This is a common story. It’s ridiculous that some people are still hanging on to the canard that biology doesn’t matter. Have they never met any children?

Well, I can think, without even trying too hard, of two couples I know with (fraternal) twin girls who have completely different personalities, dramatically different levels of aggressiveness, impulse control, and so on. I’m not in favor of doctrinaire unisex feminism, but going to back to putting boys and girls into little boxes labeled pink and blue is hardly preferable.

This post by Dr. Helen, about the Boston Globe article on the David Anglin lawsuit (which mentions, among other things, girls getting extra points when they “decorate their notebooks with glitter and feathers”), contains an anecdote that illustrates the dangers of fitting such issues as “rewarding creativity vs. rewarding orderliness” into a neat gender-based framework:

This reminds me of an education class I was forced to take as a requirement for my PHD degree in school/clinical psychology. The professor–a male–told us to keep a log of our activities with students or patients in my case on notebook paper and turn them in for a portion of our grade. I was out for the class when the instructions were given so got the assignment second-hand from other students. I was shocked when I received an F on the assignment–the reason? Writing outside the margins of my paper. The professor cared nothing about the content I had so carefully written out as best I could–he only cared about appearances.

And here’s another good Dr. Helen thread, with some cautionary words from Dr. Helen about the need to pay attention to individual differences as well as sex differences, and a comment from a mother of a physically active, non-stereotypical girl.

More from a Reason essay I wrote about this issue back in 2001:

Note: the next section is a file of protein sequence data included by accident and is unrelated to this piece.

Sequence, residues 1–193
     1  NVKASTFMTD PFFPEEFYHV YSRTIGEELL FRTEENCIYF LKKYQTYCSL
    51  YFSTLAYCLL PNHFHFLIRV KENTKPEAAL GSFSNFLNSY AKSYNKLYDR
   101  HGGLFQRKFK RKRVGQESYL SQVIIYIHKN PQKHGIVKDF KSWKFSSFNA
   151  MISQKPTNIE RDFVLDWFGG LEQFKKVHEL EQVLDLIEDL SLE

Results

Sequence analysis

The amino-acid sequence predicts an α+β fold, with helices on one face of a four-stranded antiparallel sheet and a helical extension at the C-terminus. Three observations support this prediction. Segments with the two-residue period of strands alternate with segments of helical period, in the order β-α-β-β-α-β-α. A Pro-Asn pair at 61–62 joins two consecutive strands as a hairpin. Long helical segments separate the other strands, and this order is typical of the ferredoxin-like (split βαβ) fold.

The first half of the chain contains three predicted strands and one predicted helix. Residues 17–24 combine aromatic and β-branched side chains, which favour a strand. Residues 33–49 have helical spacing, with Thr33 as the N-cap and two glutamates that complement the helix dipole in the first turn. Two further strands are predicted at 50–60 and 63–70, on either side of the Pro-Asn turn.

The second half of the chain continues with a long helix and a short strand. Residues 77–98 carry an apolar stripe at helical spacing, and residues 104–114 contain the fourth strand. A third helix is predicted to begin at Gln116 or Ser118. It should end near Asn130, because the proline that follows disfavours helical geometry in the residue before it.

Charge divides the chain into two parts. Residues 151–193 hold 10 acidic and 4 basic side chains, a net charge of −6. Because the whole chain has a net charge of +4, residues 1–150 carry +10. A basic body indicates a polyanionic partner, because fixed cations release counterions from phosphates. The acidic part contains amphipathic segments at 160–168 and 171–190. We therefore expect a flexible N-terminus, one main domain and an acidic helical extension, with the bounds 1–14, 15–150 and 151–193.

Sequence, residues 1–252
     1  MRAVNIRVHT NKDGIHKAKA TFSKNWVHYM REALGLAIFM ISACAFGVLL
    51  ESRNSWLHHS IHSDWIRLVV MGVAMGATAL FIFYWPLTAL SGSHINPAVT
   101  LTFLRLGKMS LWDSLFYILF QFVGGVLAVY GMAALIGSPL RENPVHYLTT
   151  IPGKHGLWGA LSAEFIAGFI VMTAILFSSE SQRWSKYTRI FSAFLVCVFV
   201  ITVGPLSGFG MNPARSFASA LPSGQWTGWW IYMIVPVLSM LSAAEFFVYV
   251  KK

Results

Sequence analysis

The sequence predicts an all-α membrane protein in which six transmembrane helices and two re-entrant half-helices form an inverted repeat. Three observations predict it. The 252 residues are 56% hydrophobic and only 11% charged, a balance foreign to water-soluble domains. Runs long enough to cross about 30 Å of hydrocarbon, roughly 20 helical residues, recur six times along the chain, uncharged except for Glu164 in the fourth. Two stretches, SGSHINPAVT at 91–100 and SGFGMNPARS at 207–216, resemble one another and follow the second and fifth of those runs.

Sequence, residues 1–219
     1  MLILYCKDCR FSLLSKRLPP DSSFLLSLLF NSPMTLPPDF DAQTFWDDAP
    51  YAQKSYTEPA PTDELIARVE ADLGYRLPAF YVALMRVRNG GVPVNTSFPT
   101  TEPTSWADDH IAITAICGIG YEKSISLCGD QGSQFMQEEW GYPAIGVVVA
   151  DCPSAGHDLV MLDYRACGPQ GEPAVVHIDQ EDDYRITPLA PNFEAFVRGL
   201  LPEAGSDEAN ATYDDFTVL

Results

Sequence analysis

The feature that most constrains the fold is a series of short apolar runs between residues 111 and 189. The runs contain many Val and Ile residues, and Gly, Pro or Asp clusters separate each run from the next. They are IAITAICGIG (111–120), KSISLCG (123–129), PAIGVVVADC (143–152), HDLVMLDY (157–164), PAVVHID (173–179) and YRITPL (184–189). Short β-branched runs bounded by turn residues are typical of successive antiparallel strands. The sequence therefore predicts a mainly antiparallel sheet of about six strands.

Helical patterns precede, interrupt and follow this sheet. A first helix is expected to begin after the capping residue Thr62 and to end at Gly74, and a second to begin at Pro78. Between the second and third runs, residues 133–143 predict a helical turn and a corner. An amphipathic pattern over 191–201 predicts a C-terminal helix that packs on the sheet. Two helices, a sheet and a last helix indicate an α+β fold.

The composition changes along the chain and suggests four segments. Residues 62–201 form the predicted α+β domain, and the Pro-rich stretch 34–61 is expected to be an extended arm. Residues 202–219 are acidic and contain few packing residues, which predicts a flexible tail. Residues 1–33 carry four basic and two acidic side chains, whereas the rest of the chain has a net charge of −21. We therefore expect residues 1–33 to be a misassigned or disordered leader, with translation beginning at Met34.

“Boy partisans” can exaggerate too. … In The War Against Boys, [Christina Hoff] Sommers asserts that recent data on high school and college students clearly lead to “the conclusion that girls and young women are thriving, while boys and young men are languishing.” Yet this dramatic statement is contradicted further down the page by her own summary of Valerie Lee’s study of gender and achievement, which she lauds as “responsible and objective.” Lee reports that sex differences in school performance are “small to moderate” and “inconsistent in direction”-boys fare better in some areas, girls in others.

More boys flounder in school (and, as Sommers acknowledges, more of them reach the highest levels of excellence, from the best test scores to top rankings in prestigious law schools). But it’s important to put things in perspective. Boys are twice as likely as girls to be shunted into special education with labels that may involve a high degree of subjectivity or even bias, but we are talking about a fairly small proportion of all children. About 7 percent of boys and 3 percent of girls are classified as learning disabled, 1.5 percent of boys and 1.1 percent of girls as mentally retarded; just over 1 percent of boys and fewer than half as many girls are diagnosed with severe emotional disturbances.

Clearly, many boys are doing well; just as clearly, it’s an overstatement to say that girls in general are “thriving,” since all too often the educational system serves no one well. Twelfth-grade girls may do better than boys on reading and writing tests, but their average scores still fall short of the level that indicates real competence-the ability to understand and convey complicated information.

There’s quite a bit of exaggeration, too, in the notion of schools as a hostile environment for boys. Few would dispute that boys tend to be more physically active and less patient than girls; but these differences are far less stark than the clichés deployed in the “boy wars.” In a 1998 Department of Education study, 65 percent of boys and 78 percent of girls in kindergarten were described by teachers as usually persistent at their tasks, and 58 percent of boys and 74 percent of girls as usually attentive-a clear yet far from interplanetary gap.

(One has to wonder, too, to what extent these differences reflect reality and to what extent the teachers’ stereotyped perceptions.)

Still smaller are the differences between boys’ and girls’ views of the school climate. Surprisingly, in a 1995 survey by the Institute for Social Research at the University of Michigan, virtually the same percentages of female and male high school seniors said they liked school. When the question “Whom do teachers like more?” is posed in such a way that they must select one favored sex, kids are likely to answer “girls.” Yet when asked about their own experiences, boys are only slightly less likely than girls to say that teachers listen to them, that they call on them often and encourage them, and that discipline and grading at their school are fair.